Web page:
SANTIAGO- As Chile strives toward the laudable goal of becoming South America’s first developed country, the fragility of its electric transmission system and, more broadly, its energy sector has become an Achilles heel said Minister of Energy Jorge Bunster.

“We need to enhance the resources the country has; hydroelectricity and also nonconventional renewable energy sources, but without casting aside conventional energy” Bunster told almost 100 representatives from across Chile and the hemisphere at the Institute of the Americas November 12 Chile Energy Roundtable in Santiago.

In a keynote address and in responses to questions during a roundtable discussion, Minister Bunster acknowledged that energy costs will remain high for the next four to five years as the nation grapples with project delays, uncertainty over interconnecting the nation’s two electric grids, as well as opposition to large-scale energy projects from an increasingly sophisticated public.

“Today we have a fragile system in terms of transmission” Minister Bunster said. “We have an Achilles heel that must be resolved.” He added that Chile’s “energy future must be diversified.” Chile imports roughly 60% of its energy needs.

Minister Secretary General of the Presidency and former IOA Fellow, Cristián Larroulet, speaks at lunch during the Institute of the Americas Chile Energy Roundtable.

The Piñera government, with the Carretera Eléctrica Pública and Ley de Concesiones para Sistemas de Transmisión initiatives before Congress is working to address the deficiencies and weaknesses of the nation’s transmission and distribution system, but a short-term solution is unlikely noted the minister.

Given the nation’s economic development trends and development goals, many speakers echoed Minister Bunster’s affirmation of the need for a diversified energy matrix and further support in addressing the issue of interconnection of the country’s two electric grids.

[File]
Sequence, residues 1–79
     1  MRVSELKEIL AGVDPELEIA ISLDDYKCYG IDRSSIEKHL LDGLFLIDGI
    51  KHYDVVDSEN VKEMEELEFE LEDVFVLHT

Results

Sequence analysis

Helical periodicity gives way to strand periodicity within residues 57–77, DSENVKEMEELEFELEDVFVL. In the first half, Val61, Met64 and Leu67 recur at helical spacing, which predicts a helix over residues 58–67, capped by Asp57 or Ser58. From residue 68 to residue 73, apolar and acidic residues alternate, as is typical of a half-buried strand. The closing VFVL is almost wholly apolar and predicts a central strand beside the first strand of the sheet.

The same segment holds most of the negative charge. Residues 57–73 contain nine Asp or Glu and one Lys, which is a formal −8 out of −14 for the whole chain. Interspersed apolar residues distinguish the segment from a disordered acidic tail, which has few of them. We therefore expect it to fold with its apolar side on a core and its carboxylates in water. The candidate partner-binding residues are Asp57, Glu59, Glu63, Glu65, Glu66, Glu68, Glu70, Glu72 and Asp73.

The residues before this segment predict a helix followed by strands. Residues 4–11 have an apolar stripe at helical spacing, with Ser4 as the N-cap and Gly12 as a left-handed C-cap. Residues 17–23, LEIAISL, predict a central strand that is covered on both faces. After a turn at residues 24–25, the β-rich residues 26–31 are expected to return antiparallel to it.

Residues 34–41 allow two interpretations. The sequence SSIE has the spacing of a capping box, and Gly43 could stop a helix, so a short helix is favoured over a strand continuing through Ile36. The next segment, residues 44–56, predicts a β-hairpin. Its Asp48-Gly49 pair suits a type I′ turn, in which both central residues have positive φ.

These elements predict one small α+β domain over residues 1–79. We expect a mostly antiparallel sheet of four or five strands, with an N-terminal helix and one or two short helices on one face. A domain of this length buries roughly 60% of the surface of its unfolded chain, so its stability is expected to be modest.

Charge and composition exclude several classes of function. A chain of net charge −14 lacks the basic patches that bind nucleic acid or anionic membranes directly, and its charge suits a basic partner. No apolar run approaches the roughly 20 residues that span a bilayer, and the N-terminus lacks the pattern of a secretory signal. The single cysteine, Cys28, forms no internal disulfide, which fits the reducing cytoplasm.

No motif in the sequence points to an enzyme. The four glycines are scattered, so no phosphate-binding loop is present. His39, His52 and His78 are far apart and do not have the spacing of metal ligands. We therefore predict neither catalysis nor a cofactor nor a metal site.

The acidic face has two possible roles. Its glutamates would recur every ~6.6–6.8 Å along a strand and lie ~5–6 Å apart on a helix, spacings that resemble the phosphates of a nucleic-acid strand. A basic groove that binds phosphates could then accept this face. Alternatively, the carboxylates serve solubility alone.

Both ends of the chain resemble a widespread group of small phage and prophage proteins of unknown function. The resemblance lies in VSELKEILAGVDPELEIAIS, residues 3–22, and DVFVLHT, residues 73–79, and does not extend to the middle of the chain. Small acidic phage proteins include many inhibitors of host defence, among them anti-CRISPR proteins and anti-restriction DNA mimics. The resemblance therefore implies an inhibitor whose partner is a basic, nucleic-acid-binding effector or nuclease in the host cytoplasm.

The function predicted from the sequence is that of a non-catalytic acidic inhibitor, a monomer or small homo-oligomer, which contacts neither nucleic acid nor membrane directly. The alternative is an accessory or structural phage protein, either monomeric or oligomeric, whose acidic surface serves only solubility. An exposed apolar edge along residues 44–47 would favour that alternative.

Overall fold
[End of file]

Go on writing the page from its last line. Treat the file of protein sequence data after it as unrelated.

But serious concerns over recent cancellations, delays and opposition to major energy projects and how the government has managed the sector permeated the discussions.

Indeed, participants from across a diverse roster of major energy players in Chile called for increased government attention to the project approval process.  Uncertainty for energy project development and execution will continue to impact the country’s near-term energy outlook they contended.

The need to understand and learn from the lessons of the past several years in Chile’s energy sector was paramount argued several speakers. [inset side=left] “The investment effort underway will provide the energy that Chile needs.” Cristián Larroulet[/inset] Efforts undertaken by the Ministry of Economy to address economic development and investment issues remain important to identify the existence of problems that are in the interests of the government and private sector to solve.

Participants implored an energy matrix that maximizes Chile’s abundant hydro resources as well as further assessment of the global natural gas price and supply upside, particularly given decisions made over the last few years to develop liquefied natural gas infrastructure and recover the use of natural gas as a fuel source.

How to deal with public outreach and communication and the image of the energy industry proved topics of concern and ones that drew great introspection but few immediate answers.

A more positive note was sounded in a lunchtime keynote address by former Institute of the Americas Fellow and current Minister Secretary General of the Presidency, Cristián Larroulet, who stressed that “the investment effort underway will provide the energy that Chile needs.”

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